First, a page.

As an organization founded on over 30 years of grantmaking based on learning, humility, and trust, we at Thousand Currents are not immune, nor phased by fundamentally uncomfortable questions, including those surrounding racism, colonialism, imperialism, and white supremacy.

The people who can best “solve” deeply-rooted social, political, and economic problems are the people whose lives are most affected by them. This requires us as Thousand Currents to step away from the usual role of “expert” or “changemaker.” Our first duty is to listen. Listening is about honoring each others’ dignity and supporting people to use their own power. For white folks, this means learning first to speak less and be willing to give up their own power.

We can address racism, all -isms, and implicit bias in all that we do by making changes — right now — within our teams, programs, organizations, foundations, agencies, social enterprises, funds, etc. This includes very concrete actions to dismantle internal and external power structures that perpetuate inequality and prejudices. These include:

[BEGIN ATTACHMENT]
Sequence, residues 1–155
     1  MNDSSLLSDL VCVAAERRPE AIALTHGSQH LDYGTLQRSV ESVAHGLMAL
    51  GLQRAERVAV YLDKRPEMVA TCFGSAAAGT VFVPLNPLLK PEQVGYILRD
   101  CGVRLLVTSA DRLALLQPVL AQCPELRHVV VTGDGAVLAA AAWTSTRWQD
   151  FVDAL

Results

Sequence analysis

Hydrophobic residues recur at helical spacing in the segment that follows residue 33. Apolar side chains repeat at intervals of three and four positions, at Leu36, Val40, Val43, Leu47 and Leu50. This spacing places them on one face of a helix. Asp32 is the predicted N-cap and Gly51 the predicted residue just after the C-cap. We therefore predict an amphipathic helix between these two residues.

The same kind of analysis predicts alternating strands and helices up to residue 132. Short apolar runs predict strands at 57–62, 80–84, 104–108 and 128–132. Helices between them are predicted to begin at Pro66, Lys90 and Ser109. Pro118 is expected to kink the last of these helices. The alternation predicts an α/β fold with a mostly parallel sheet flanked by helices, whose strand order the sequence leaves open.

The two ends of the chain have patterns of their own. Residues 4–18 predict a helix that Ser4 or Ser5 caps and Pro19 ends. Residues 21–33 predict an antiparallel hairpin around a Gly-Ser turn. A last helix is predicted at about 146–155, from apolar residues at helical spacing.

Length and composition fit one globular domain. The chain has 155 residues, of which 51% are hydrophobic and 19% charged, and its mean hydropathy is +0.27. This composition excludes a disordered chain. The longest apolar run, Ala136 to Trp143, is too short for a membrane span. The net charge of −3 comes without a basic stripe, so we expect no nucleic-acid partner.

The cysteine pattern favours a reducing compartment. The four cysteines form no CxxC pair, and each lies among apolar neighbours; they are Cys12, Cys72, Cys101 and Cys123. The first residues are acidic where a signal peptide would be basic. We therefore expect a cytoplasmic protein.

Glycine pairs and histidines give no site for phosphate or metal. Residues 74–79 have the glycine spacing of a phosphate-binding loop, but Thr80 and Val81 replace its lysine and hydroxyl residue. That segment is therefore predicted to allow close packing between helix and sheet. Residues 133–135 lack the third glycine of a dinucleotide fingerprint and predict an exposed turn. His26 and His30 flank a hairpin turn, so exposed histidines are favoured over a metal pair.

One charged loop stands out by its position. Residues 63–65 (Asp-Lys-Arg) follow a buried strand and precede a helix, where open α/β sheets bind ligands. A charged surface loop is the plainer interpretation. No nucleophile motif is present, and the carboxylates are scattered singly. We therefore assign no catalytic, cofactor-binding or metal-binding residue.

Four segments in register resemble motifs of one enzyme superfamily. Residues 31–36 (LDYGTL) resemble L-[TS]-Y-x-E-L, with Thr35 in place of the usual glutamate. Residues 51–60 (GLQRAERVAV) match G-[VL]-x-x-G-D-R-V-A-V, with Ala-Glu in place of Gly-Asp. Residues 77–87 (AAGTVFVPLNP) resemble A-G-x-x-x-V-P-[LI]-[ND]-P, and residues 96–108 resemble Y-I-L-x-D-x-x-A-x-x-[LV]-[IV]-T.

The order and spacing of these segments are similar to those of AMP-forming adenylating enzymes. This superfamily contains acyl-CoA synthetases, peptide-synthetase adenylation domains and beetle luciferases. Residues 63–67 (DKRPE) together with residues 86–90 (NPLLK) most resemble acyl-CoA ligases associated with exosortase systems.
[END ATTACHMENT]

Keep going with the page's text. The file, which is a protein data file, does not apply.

• Making different hiring and promotion decisions, learning the difference between diversity and inclusion, and challenging who is at the decision-making table.
  • Funding “front-line” community organizers and getting money directly to grassroots leaders. But only if we’re ready to get out of their way.
  • Dare to redefine the notion of results and accountability — no longer just for our funders or boards or by our staff.
  • Do your personal healing work so you can “show up” in solidarity.
  • Be brave! Brave funders will fight for what their grantees have identified as what they need to succeed.

Read the full article about racism in philanthropy from Thousand Currents at Medium